Japanese voters will head to the polls Sunday in a snap parliamentary election that is being billed as a test of strength for Prime Minister Shinzo Abe and his signature slate of economic policies, dubbed Abenomics. Abe’s Liberal Democratic Party (LDP) is expected to dominate the election, but the number of seats they win or lose will be interpreted as a mandate on Abe’s economic agenda as Japan muddles through a recessionary dip.
Parliamentary candidates have been scrambling since the prime minister dissolved the lower house of the legislature on Nov. 21, and set the election date for December, two years earlier than planned. “The election will be held to ask the public whether we will [move] forward with Abenomics or end it,” Abe said last month. He also said holding elections now would solidify his decision to delay a controversial consumer tax hike that was originally scheduled for next October.
Analysts have also noted, however, that holding elections now would ensure the dominance of Abe and his party before lawmakers face a host of controversial issues next year, including legislative revisions that could pave the way for a wider military role and discussions over restarting nuclear power plants.
But holding elections Sunday isn’t ideal timing for the ruling LDP. Since the Japanese government raised the consumer tax rate from 5 percent to 8 percent in April – a wildly unpopular move – the economy has contracted for two consecutive quarters. The next tax hike, now scheduled for 2017, would raise the rate to 10 percent. The Japanese yen has also plummeted by more than 40 percent during the past two years of Abe’s term.
Nevertheless, the LDP has a strong lead in the run-up to Sunday’s election, with expectations that it could win as many as 300 seats of a possible 480. The party held 295 seats in the lower house before it was dissolved last month, and Abe had only set a goal of winning a majority with 238. The opposition Democratic Party of Japan (DPJ) has struggled against its competitors, still recovering from its loss in the 2012 election that thrust the LDP and Abe back into power after three years of DPJ dominance. (Abe had one previous term as prime minister from 2006 to 2007.)
But Abe’s own public approval ratings have suffered recently, dropping below 40 percent last month for the first time since he became prime minister in 2012, according to Japan’s Asahi Shimbun newspaper. The paper also reported that 39 percent of poll respondents saw Abenomics as a failure, as opposed to 30 percent who said the measures were successful, and another 31 percent who had no comment.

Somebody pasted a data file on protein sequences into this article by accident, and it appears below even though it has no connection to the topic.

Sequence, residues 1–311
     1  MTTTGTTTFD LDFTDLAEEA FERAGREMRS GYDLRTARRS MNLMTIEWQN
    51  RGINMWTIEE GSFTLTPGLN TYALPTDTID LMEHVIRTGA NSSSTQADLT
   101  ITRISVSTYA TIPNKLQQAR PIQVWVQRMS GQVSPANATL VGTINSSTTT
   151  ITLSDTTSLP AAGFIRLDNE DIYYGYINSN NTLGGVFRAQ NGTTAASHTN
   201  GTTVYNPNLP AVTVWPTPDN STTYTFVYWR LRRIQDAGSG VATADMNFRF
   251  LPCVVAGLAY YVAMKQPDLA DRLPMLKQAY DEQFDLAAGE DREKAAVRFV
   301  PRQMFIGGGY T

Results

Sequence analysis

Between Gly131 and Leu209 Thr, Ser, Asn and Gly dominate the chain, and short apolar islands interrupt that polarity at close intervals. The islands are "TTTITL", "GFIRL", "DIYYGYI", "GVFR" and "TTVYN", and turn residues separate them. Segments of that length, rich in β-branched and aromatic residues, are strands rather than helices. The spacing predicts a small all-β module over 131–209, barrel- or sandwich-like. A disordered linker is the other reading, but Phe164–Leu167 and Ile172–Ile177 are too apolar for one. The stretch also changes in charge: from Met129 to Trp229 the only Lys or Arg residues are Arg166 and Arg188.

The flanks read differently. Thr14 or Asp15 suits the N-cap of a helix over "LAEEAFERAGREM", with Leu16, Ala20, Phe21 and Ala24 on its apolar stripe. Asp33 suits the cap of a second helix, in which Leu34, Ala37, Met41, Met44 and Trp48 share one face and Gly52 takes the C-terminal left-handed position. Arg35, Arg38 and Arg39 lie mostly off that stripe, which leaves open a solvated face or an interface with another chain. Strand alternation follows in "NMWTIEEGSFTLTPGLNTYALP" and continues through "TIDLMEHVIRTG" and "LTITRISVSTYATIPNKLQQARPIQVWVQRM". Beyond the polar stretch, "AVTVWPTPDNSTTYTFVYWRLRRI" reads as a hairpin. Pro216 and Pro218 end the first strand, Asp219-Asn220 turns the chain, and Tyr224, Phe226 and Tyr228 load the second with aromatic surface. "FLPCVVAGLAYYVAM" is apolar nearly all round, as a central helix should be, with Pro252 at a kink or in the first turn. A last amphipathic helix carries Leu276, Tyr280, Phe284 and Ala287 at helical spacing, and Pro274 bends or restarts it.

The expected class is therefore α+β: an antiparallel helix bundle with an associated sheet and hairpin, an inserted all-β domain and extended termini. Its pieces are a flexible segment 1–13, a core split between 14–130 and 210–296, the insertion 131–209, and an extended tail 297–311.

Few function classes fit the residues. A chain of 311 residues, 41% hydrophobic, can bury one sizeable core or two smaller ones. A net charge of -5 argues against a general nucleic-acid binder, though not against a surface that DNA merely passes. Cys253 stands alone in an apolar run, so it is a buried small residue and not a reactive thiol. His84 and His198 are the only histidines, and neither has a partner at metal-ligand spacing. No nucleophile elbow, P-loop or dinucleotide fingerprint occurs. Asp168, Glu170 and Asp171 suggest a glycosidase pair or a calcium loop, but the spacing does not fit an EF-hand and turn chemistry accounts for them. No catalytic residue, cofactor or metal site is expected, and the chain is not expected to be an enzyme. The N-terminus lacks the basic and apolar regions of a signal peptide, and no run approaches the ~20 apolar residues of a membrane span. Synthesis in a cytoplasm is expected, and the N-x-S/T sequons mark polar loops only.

Abenomics, a series of aggressive measures to ease monetary policy, is the centerpiece of the prime minister’s economic approach to Japan’s deflationary doldrums. The measures have included a $210 billion spending stimulus package, a heightened inflation target of 2 percent and a host of structural reforms aimed at expanding workforce diversity, slashing corporate tax rates and liberalizing some sectors of industry. While the consumption tax hike has been one of the most controversial elements of Abenomics so far, Abe’s gains on structural reforms have remained murky. Japan’s aging population and shrinking workforce have put a crunch on the economy, and pressure from interest groups, including agriculture and pharmaceutical lobbies, has hindered some of his proposed changes.
Even though Abe has tried to frame the election as a referendum on the economy, several other political issues are at stake if he and his party retain their hold on the government. The legislature needs a two-thirds majority to revise the constitution, and all eyes are on Article 9, which asserts that “the Japanese people forever renounce war as a sovereign right of the nation and the threat or use of force as a means of settling international disputes.”
While Article 9 has been the cornerstone of Japan’s postwar pacifism, in July Abe announced that the country still retained right to collective self-defense, and ended a ban on Japanese military action abroad. It was a provocative move in the midst of Japan’s ongoing territorial conflict with China, and a revision of Article 9 could further inflame tensions between the region’s two biggest powers.
The fate of Japan’s nuclear power plants also hangs in the balance. Abe has advocated for restarting some 48 nuclear power plants that were shut down in the wake of the 2011 Fukushima nuclear disaster, an issue that continues to be highly divisive among the Japanese public. Two reactors at the Sendai nuclear power plant have been cleared to restart next year, despite vocal opposition from some local residents. Since Japan diverted its energy sources from nuclear, the country has been relying more on imported coal, and its carbon emissions rose to their highest level on record last year.